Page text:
"The Last Supper" lends itself to a host of theories about hidden imagery and meanings, but the painting's degradation and multiple restorations means that it may differ in i­mportant respects from da Vinci's original production.

Problems with "The Last Supper" Theories

Let’s say that da Vinci did embed secret images in "The Last Supper,” intending for someone to make a discovery one day like Slavisa Pesci did. Would such a secret have any merit? What special knowledge would da Vinci have had about Jesus 1500 years after his death, and why would he hide it in a painting?

Lovers of “The Da Vinci Code” might say that the presence of the images indicate that Dan Brown and other similar writers are on to something mysterious, fundamental and profound. Theories about da Vinci’s work abound in Brown's book, including many about the “Mona Lisa.” But as our article How the Da Vinci Code Doesn’t Work shows, it’s easy to disprove many of the novel’s theories, which is perhaps not surprising or important, except that Brown seems to present his book as based in fact. Yet the main nonfiction source for his book, “Holy Blood, Holy Grail,” has itself been called inaccurate by scholars.

Skeptics also point out that da Vinci’s painting should be considered a fictional representation of the Last Supper and not an authoritative record of who was there, where they sat and what they did. (Unless, of course, one believes that da Vinci somehow had significant and highly secret knowledge about Jesus’ life.)

If a procedure similar to that performed by Pesci were done with other paintings, would people see hidden images or codes? Whether it’s ghost-haunted photographs or patterns in toast, people often see what they want to see. But again, there is da Vinci’s known taste for mathematics and mirroring techniques. A popular theory, potentially supported by computer analysis, asserts that the “Mona Lisa” is a disguised self-portrait of the painter himself.

Then there are "The Last Supper” theories that are quite easy to refute, such as those surrounding the knife. First, the knife is almost certainly a dinner knife of some sort and not a dagger or weapon, which would make sense, given the setting. Second, analysis of the painting shows that Peter -- and not a disembodied hand or one of the other disciples -- holds the knife, though he does so in an odd position [Source: JayDax]. Da Vinci also created sketches in which he appeared to be practicing how to position Peter’s arm. (You can read about this more in How the Da Vinci Code Doesn’t Work.)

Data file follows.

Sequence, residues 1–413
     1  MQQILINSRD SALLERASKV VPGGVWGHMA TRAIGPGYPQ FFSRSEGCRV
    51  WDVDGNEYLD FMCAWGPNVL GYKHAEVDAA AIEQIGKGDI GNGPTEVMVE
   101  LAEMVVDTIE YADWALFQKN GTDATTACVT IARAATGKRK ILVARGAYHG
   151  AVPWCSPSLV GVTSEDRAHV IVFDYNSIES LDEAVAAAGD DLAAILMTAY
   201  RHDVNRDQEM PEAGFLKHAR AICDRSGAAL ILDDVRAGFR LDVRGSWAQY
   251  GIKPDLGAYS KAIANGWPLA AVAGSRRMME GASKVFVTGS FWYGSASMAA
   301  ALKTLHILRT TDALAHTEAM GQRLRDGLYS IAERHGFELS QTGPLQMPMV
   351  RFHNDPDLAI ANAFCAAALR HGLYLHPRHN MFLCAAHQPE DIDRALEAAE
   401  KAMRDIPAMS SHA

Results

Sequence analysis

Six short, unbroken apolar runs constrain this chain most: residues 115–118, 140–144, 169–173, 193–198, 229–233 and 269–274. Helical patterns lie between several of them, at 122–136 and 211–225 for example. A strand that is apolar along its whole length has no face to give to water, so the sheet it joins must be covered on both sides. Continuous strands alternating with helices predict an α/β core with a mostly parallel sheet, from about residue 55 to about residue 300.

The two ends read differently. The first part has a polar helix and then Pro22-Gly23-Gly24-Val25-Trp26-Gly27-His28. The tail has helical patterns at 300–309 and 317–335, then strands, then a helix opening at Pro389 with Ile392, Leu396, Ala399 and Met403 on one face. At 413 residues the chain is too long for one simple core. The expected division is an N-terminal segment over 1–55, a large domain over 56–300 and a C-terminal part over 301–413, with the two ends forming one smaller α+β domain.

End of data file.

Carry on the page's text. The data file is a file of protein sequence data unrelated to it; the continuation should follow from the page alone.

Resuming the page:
As for the image of Judas -- who, some people say, is the only one leaning away from Jesus in the painting -- he quite clearly isn’t. Several disciples on the left and right portions of the painting lean away from Jesus, so Judas is not the only one.

Is Mary Magdalene in the painting, perhaps as John, with his feminine appearance? Probably not -- unless da Vinci were trying to express a particular message, it would not make sense to leave John out of the painting while depicting the rest of Jesus’ disciples. Second, scholars widely agree that da Vinci accurately represented John, at least by the standards of the 15th century. Art from da Vinci’s era often displays John with long hair and feminine features.

A copy of da Vinci’s painting was created in the 16th century. Conceivably that painting could be used to further test Pesci’s theory, but by the time the reproduction was made, the original version of “The Last Supper” had already experienced some flaking and degradation. The Tonglero Abbey copy is just that -- a copy that may differ in subtle but important respects. After all, there was only one da Vinci.

For more information about hidden messages in the "Last Supper," "The Da Vinci Code" and other related topics, please check out the links on the next page.

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